“Mañana, mañana.” That’s what a group of more than 900 Jewish people fleeing Nazi Germany were told when their ship docked in Havana, Cuba in May 1939. But that tomorrow never came. Most of the passengers on the MS St. Louis was turned away because they had been sold fake visas by a corrupt Cuban official.
As their ship turned back towards Europe, passengers could see the glittering lights of Miami . Some of them even cabled President Franklin Delano Roosevelt begging to be allowed entry into the United States, but they were forced to return to Europe where 254 of them were eventually killed in the Holocaust.
Security concerns — not unlike those raised by a majority of governors with regard to Syrian refugees — were among the chief reasons that the desperate refugees were denied safe haven in the U.S., according to American University history professor Max Paul Friedman.
Those fears were not just exaggerated, but fueled by xenophobia and concerns over the economic impact that letting in refugees would have during the Great Depression when jobs were scarce, he told ThinkProgress in an interview.
Just as political figures warn of ISIS fighters slipping into the U.S. by posing as Syrian refugees, many top U.S. officials at the time warned that “Nazi agents” would infiltrate the country by posing as Jewish refugees.
The fear was one that President Roosevelt offered further credence to a year after the MS St. Louis incident.
“At a press conference on June 5, 1940, FDR himself warned that ‘among the refugees there are some spies, as has been found in other countries,’ explaining that ‘especially Jewish refugees’ could be coerced to report to German agents under the threat that if they did not do so, ‘we are frightfully sorry, but your old father and mother will be taken out and shot,” Friedman wrote in his book Nazis and Good Neighbors: The United States Campaign against the Germans of Latin America in World War II.
“The State Department cooperated in preparing a Saturday Evening Post article warning the public that ‘disguised as refugees, Nazi agents have penetrated all over the world, as spies, fifth columnists, propagandists, or secret commercial agents,’” he wrote.
“I think the fear was genuine, but misplaced,” Friedman said. “That is, none of the Jewish refugees who arrived in the United States has ever been found to have done anything in the interest of the Nazis. They fled them. They didn’t want to help them.”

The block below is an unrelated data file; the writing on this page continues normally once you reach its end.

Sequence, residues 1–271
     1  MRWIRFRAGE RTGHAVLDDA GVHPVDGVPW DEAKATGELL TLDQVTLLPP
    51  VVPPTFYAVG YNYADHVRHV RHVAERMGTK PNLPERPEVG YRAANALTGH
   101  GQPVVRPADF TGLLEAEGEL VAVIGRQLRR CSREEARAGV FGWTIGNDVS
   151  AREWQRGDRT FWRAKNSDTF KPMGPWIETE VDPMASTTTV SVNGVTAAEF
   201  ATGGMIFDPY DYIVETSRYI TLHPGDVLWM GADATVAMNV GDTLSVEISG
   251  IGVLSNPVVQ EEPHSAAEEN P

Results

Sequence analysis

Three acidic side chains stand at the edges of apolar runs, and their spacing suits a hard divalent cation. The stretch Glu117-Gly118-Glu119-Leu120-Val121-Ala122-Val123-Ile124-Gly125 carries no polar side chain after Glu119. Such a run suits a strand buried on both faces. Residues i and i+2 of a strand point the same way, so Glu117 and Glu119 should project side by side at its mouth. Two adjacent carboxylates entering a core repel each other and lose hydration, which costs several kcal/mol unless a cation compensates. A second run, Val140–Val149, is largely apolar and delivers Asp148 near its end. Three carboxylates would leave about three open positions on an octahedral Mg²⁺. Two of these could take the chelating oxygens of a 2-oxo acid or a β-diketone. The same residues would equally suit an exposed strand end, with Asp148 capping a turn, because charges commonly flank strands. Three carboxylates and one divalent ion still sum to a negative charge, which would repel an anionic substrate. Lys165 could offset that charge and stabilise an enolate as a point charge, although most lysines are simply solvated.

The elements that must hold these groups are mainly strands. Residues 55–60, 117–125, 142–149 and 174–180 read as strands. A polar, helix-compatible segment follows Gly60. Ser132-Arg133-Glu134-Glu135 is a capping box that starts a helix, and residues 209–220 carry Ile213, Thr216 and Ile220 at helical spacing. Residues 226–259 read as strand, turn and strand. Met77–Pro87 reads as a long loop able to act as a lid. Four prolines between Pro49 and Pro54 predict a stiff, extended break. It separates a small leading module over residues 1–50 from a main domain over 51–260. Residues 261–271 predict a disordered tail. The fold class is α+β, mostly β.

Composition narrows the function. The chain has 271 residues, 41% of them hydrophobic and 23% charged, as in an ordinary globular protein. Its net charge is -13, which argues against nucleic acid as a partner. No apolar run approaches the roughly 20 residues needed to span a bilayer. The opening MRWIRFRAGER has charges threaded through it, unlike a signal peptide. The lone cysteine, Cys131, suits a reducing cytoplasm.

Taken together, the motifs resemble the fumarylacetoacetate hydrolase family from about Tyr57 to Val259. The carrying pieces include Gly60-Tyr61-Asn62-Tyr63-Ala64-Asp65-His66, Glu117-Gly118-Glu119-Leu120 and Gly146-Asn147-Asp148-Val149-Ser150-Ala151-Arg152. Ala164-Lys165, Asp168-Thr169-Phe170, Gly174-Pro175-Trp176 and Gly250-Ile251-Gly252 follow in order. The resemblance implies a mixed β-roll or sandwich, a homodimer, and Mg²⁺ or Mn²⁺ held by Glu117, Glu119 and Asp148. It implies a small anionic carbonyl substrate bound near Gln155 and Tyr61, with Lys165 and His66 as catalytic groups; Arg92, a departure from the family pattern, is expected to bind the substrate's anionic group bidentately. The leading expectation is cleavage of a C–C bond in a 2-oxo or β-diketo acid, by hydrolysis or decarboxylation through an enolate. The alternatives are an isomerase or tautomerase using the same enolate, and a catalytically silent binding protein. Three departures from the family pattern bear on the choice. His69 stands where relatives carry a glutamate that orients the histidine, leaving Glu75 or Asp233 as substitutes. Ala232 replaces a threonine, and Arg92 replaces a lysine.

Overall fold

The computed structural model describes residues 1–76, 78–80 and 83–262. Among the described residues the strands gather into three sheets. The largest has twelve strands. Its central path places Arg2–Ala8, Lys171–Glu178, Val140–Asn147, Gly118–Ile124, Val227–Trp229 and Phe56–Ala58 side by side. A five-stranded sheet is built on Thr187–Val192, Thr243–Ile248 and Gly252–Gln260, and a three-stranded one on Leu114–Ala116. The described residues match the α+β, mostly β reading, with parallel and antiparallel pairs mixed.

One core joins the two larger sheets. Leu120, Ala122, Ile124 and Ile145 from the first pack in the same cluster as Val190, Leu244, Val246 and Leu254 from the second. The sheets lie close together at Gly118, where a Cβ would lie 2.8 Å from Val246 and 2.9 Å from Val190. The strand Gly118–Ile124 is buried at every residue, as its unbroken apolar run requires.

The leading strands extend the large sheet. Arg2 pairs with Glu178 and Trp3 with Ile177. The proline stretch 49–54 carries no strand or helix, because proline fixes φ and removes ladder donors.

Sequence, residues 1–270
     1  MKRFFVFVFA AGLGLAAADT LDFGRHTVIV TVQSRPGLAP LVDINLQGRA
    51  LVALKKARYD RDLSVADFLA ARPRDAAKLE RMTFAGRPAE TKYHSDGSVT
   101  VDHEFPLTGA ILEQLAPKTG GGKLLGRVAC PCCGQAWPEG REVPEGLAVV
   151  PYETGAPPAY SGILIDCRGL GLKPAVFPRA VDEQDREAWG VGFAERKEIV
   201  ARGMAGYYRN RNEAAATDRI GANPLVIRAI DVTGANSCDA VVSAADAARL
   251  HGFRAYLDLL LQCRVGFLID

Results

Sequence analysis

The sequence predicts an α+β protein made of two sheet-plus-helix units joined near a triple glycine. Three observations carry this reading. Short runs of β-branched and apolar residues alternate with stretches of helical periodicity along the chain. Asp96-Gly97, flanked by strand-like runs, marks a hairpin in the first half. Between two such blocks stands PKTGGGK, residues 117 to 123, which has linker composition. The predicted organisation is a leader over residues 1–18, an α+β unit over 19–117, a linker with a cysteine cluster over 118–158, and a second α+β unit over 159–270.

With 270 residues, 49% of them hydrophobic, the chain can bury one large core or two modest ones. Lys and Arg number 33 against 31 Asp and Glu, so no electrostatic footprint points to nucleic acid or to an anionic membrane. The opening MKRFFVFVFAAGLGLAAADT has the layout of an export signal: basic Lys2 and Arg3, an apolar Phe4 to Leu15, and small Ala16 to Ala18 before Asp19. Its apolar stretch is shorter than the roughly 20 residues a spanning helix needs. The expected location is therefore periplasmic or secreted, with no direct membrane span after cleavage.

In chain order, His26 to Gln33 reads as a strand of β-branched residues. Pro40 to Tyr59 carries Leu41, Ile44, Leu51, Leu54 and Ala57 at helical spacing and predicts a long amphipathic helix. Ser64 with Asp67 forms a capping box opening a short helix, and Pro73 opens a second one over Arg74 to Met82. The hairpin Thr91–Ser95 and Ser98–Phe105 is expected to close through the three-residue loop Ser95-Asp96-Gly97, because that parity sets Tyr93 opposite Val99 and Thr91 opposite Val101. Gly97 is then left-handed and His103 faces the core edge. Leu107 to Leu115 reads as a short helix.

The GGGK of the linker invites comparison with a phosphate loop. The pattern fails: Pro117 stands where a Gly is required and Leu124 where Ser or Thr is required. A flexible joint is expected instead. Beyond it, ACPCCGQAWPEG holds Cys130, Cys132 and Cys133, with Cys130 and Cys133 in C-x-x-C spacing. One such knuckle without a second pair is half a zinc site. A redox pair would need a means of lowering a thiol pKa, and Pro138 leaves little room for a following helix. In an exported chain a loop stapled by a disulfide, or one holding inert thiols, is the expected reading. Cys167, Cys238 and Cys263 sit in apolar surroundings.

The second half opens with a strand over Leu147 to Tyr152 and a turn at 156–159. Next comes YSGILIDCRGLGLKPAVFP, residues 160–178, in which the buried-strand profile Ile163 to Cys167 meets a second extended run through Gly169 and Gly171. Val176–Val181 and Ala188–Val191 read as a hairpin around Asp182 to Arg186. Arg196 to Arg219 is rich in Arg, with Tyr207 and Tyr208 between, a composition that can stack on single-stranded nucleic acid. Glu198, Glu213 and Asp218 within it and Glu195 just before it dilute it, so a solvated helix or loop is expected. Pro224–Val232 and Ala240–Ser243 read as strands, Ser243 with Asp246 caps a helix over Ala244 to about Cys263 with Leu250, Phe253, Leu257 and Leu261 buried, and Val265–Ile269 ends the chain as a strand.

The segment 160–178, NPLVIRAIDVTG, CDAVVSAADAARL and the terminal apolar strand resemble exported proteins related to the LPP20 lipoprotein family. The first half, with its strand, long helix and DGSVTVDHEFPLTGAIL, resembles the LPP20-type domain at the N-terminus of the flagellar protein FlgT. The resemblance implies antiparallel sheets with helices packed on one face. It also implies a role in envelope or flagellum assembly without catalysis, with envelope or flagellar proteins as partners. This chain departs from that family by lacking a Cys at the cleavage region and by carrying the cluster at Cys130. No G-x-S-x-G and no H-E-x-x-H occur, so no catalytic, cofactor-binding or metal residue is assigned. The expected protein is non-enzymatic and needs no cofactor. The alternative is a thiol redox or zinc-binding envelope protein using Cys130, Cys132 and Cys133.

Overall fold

That’s the same argument that immigration experts — and Syrian refugees themselves — have made in regards to ISIS.
Members of Jewish organizations in the United States and even some Congressmen did advocate for an exception that would have allowed the MS St. Louis’ passengers to live in the U.S. until their visas were processed, but no such exception was made, in part, because thousands of German Jews were already on waitlists to enter the U.S.
They were desperate to flee the system of segregation and increasingly tense situation in Germany, but the worst was yet to come.
“We’re talking about May 1939,” Friedman said. “There’s no war yet. There’s no Holocaust yet, per se.”
But Kristallnacht, or the “Night of Broken Glass” when Jewish-owned business and houses of worship were destroyed had already taken place. As the vitriol against Jews spread, up to 30,000 Jewish men were sent to concentration camps, which, Friedman noted, were not yet used for mass killing.
“People sometimes mix up the chronology and they think, ‘[Hitler] was gassing millions of Jews and he wouldn’t let the ship in,’ but that hadn’t started yet and nobody knew that it was going to happen,” he said.
The scale of the violence perpetrated by Nazis in May 1939 was far less than that which has been carried out by ISIS and Syrian President Bashar al-Assad in Syria.
“There had been persecution of the Jews in Germany [by mid-1939],” Friedman said, “But think about what the level of the persecution of the Jews [at that time] was, and then think about what’s happening in Syria [now].”
Nearly a quarter million people, including nearly 12,000 children, have been killed in Syria since conflict broke out there four years ago, according to the London-based Syrian Observatory for Human Rights.
But, Friedman said, the question of whether or not to accept refugees into the United States has never been based on humanitarian concerns alone.
“The issue of accepting refugees has always been politicized,” he told ThinkProgress. “The most amount of support for refugees has been when the fact of their suffering at the hands of a foreign government aligns with a narrative we have about that government being our enemy.”
We have a very long tradition of exaggerating the threat that refugees might pose.
While American forces are engaged in a military operation against ISIS, it’s not the sort of all-out war that the U.S. eventually declared on Hitler. During the Cold War, for example, a disproportionately high number of refugees from Soviet-aligned countries were allowed to enter the U.S. — even though some from other countries faced far worse threats.
In addition to that, Friedman said, “We have a very long tradition of exaggerating the threat that refugees might pose. Just as we didn’t have a single case of a Jew working for the Nazis who was admitted into the United States, it would be very difficult for a Syrian sleeper agent for ISIS to make it through a two-year process of being vetted and being interviewed and having to explain themselves.”
Public opinion hasn’t shifted much. More than 60 percent of Americans polled in 1939 opposed resettling 10,000 mostly Jewish refugee children in the U.S. Just over half of Americans believe that the U.S. should accept more Syrian refugees, according to a September poll conducted by Pew.